UNI Products Fly Tiers Corner
An except from the book
A Structured Course In Fly Tying.
by Steve Hudson
Developed by Lee Wulff, the Royal Wulff is considered by many to be one of the ultimate attractor patterns. An attractor is a fly that works on multiple levels to attract the attention of fish, and with its multifaceted profile and composition it certainly presents a lot at one time. What does it imitate? As tied here, the Royal Wulff suggests not only a variety of mayflies but also terrestrials and probably other things too. That’s the beauty of attractor flies. Multiple materials provide multiple opportunities to appeal to fish through color, texture, and profile, and that may be part of what’s happening here with this fly. But whatever is going on in the mind of the fish, there is no doubt that fish go for Royal Wulffs – often with wild enthusiasm.
Anglers go for them too. The Royal Wulff is a fly that floats well and that is relatively easy to see, even on fast or broken water. Its bright hair wing makes it easy to see, and its thick hackle helps to keep it floating high and dry. And – as several have noted – the Royal Wulff is definitely a cool-looking fly.
Fly fishers like that too! The most intriguing thing about the Royal Wulff may well be that it has a body made from two different materials – peacock herl (which form the body’s rear and front segments) and red floss (which form the middle body segment). Multiple materials provide multiple opportunities to appeal to fish through color, texture, and profile, and that may be
part of what’s happening here with this fly.
The process of tying dry fly bodies with multiple materials is definitely a bit more complicated than is forming a body from a single material such as dubbed thread, and it is a process that many tyers would put in the “advanced” category.
When we tie this fly, in addition to working with amulti-material body, we’ll also try a different sequence for creating the wing and tail. We will tie in the tail first and then add the wing second. That will allow you to experience this sequence and see if you prefer it. Remember that in most cases it does not matter whether you tie in the tail or the wing first, as long as you form a smooth underbody without bumps or gaps and as long as the wings are properly angled and positioned.
When tying the Royal Wulff, you will need to select and use several different materials. Here are some things to consider as you pick the materials you’ll need to tie this exceptionally useful fly.
The wing of a Royal Wulff is traditionally made from calf tail hair or calf body hair. If you decide to go with calf tail hair, as many tyersdo, be sure that the hair you choose to use is not excessively curly.Straighter hair will tend to yield a better looking wing.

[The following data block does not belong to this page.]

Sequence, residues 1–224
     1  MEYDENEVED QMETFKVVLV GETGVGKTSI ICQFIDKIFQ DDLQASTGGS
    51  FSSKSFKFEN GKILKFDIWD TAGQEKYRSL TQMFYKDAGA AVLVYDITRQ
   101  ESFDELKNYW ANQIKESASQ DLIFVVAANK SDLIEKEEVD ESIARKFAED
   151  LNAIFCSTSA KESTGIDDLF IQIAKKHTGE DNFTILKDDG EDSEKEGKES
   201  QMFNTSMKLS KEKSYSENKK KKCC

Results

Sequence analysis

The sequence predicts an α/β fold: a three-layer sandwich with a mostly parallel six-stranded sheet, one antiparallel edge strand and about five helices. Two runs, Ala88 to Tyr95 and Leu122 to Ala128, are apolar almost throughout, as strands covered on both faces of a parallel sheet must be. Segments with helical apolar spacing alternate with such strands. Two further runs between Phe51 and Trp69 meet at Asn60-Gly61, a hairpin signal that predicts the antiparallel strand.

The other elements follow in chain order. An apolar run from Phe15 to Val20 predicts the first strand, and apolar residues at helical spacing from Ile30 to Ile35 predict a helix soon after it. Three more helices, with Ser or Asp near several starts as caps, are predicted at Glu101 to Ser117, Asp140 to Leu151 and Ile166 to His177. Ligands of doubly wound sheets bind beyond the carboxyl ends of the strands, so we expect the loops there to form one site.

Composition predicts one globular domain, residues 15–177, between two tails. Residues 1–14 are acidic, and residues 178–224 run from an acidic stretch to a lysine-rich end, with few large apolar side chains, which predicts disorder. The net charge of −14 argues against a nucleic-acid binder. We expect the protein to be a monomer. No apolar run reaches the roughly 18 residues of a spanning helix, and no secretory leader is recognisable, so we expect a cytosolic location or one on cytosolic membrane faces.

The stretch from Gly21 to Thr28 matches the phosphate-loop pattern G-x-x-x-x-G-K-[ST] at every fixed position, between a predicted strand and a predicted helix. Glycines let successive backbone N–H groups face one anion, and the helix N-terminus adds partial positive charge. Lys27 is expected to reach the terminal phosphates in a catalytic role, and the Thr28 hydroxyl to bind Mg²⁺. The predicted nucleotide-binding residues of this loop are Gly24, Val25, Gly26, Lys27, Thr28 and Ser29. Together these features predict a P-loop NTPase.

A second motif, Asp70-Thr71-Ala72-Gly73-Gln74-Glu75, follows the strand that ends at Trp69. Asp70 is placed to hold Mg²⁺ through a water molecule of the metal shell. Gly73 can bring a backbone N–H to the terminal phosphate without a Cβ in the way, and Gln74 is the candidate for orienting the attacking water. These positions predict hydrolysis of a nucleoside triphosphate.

Peacock Herl For Rear And Front Body Segments
Choose herl strands that are not damaged (so they won’t break) and that have plenty of
good fibers. The iridescence and bugginess provided by quality herl go a long way to-
ward making this fly as effective as it can be.
There are many kinds of floss available to tyers today. Rayon floss is readily available
and works very well. To use this material, cut a short length (six inches will do it) and tie it in, then wrap the length by hand without any need for a bobbin.
Note that floss may be single-strand or multi-strand, with a “strand” of floss being made up of myriad fibers. Multi-strand floss usually consists of three or four strands twisted loosely together. On small flies, you may only need a single strand to form the central body; if that’s the case, use single-strandfloss or separate a piece of multi-strand floss into individual strands.
There’s another type of floss that you may find too. It’s a stretchy floss (often called “super floss”) which does a great job of forming floss bodies on flies. As you stretch this material, its diameter gets smaller; that makes it good for tying floss bodies on small flies. But that same stretchiness that makes it such a versatile material can also make it hard to tie in. Be sure to anchor it securely if you choose to use it.
How critical is the floss color on this fly? Although red is the traditional color used on this fly, try other colors too. You’ll sometimes see this fly tied with yellow or orange floss. Chartreuse is another favorite of many fly fishers and is worth trying on your favorite streams too.
One key to a high-floating Royal Wulff is the use of good hackle. Use the best hackle available, and wrap it densely. You want a lush hackle collar that will provide maximum flotation to keep the fly riding high in fast water.
One of the most interesting things about tying this fly stems from the multi-material structure of its body. You’ll start by tying in the tail and wing; you’ll then tie in the first body material (several strands of pea- cock herl) and form the first (rear) body segment.
But once that first peacock herl segment is formed, you do not trim away the leftover herl, Instead, you leave it intact and wrap the red floss body segment overthe herl strands.
Then, after tying off and trimming the floss, you’ll continue wrapping the peacock her1 strands to form the front body segment.
Would it be possible to tie off and trim the peacock herl after the first (rear) body segment is formed? Sure. But it is much simpler simply to leave the herl untrimmed after the first segment and wrap the floss over the herl strands. Think of it as “tying down” those her! strands in preparation for forming the second herl segment – only you’re tying them down with red floss and, in the process, forming a key part of the
Fishing The Royal Wulff
The Royal Wulff is a go-to fly when fishing faster water. It floats well and is easy to see, thanks to its white wing and thick contrasting hackle collar. Because it floats so well, it’s a favorite topfly in dry-and-dropper rigs. It can be particularly effective when fished very close to overhanging vegetation.